Nobel laureate Elie Wiesel has told Haaretz that the recent speech in the United Nations by Iran's president, who has called for Israel's destruction, shows that the world has learned nothing from the Holocaust.
"Ten years ago, and less, the ruler of a country that announced its aspiration for Israel to be wiped off the map would not have dared appear and speak on the UN's podium," Weisel said.
"The era known as 'the period after Auschwitz' is over," he declared, adding: "If you ask me whether the world has learned something - my answer is no."
Wiesel, who recently celebrated his 80th birthday, was born in 1928 in Romania and survived the Auschwitz and Buchenwald concentration camps.
In his comments, Wiesel was referring to an address Iranian President Mahmoud Ahmadinejad delivered at the international body in late September. Ahmadinejad railed against "Zionist murderers" in the speech and dwelled on what he described as Zionist control of international finance.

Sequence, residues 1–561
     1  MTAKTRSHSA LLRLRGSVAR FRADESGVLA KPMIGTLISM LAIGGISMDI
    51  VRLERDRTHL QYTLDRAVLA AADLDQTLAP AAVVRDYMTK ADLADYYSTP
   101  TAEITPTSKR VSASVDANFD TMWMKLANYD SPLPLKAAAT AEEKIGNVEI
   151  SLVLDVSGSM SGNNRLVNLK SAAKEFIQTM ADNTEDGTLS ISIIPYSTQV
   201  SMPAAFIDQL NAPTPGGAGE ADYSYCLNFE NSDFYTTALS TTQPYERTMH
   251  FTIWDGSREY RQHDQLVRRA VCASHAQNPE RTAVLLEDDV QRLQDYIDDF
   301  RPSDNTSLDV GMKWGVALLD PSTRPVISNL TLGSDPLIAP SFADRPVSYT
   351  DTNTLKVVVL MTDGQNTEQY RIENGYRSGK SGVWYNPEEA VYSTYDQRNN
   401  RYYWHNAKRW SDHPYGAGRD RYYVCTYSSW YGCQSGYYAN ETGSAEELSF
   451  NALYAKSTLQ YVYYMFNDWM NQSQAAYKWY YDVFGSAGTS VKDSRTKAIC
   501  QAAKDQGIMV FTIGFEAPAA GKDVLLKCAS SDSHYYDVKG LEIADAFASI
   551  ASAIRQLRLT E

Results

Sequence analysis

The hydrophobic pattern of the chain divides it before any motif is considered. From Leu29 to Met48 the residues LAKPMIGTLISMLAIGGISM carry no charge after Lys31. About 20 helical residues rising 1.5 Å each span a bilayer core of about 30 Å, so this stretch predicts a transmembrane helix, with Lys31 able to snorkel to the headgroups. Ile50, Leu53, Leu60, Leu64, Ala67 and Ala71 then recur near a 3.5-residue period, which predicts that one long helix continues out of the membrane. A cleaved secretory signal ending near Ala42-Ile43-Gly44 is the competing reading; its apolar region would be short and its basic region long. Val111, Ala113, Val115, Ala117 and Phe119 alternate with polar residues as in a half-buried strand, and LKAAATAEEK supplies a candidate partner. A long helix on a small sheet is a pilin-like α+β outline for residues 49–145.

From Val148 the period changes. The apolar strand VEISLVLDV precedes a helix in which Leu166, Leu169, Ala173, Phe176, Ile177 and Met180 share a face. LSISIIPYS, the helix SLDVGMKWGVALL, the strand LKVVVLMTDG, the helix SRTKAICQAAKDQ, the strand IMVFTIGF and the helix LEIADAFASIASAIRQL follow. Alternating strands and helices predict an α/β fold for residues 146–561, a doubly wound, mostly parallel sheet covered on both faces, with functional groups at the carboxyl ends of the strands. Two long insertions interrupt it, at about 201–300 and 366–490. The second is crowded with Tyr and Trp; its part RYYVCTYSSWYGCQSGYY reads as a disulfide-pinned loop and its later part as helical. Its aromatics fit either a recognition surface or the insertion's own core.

Speaking from his Manhattan office, Wiesel also said that his initial belief that "hatred had also been burned [in Auschwitz] along with the Jews" appeared to have been wrong in light of the wickedness and suffering in the world today.
The Nobel laureate has written more than 40 books about his experience as a Holocaust survivor. His first and most important book, "Night," sold over 6 million copies.
The narrative details the Nazis' deportation of Wiesel's family from the northern Romanian town of Sighet to Auschwitz.
In 1986, he was awarded the Nobel Peace Prize for his life's work.
Wiesel was also influential in the creation of the Holocaust Museum in Washington D.C.
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